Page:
A bill that mandates pain relief for mulesing and would eventually ban the practice entirely in NSW has been sent to an inquiry for consideration.
The inquiry will allow the public to comment on the bill, which AJP MP for NSW, Mark Pearson, has encouraged the community to do.
“Getting this bill sent to an inquiry is a victory for the six million lambs in NSW alone who are mulesed without pain relief every year,” Mr Pearson said.
“We now have the opportunity to show the government how the community feels about the horrific practice of mulesing.”
Mulesing is an invasive procedure which removes a strip of wool-bearing skin around a sheep’s buttocks to prevent flystrike.
An Upper House committee will conduct an inquiry into the Prevention of Cruelty to Animals Amendment (Restrictions on Stock Animals Procedures) Bill 2019 put forward by Mark Pearson MLC of the Animal Justice Party last year.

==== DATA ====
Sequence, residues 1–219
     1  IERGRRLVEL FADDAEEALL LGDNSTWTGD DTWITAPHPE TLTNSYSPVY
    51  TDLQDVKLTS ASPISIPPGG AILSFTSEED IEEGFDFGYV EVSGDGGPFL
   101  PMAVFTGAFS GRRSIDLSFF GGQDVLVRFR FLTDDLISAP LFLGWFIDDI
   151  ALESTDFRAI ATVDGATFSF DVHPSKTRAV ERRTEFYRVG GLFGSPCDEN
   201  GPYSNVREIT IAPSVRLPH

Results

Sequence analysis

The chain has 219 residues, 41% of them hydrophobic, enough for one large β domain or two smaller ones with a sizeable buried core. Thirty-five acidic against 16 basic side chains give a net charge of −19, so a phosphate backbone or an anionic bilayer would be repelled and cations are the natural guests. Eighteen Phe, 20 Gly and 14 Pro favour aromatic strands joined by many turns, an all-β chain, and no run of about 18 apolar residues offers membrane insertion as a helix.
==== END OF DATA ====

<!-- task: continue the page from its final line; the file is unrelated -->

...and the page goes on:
At the time, the bill did not receive sufficient votes to pass into law.
In June, Mr Pearson returned to the chamber with a new motion: to send the bill to the relevant committee for an inquiry, allowing evidence of the importance of the bill to be scrutinised. The motion was agreed to, 21 votes to 20.
The public has until July 31 to comment on the legislative amendments that could prohibit mulesing by 2023 and make pain relief compulsory for other procedures, including castration, dehorning, and tail docking.
On July 1, 2020, Victorian farmers became the first in in the country legally required to use pain relief when mulesing their lambs.
“The industry has known for decades that mulesing won’t be tolerated, since the first federal standing committee of animal welfare,” Mr Pearson said.
“While our focus is the wellbeing of the lambs who undergo mulesing, it’s also in the interest of woolgrowers to have some certainty from the government about where mulesing is going.”
The public can comment on the bill here:
Anyone, anywhere, can submit a survey response.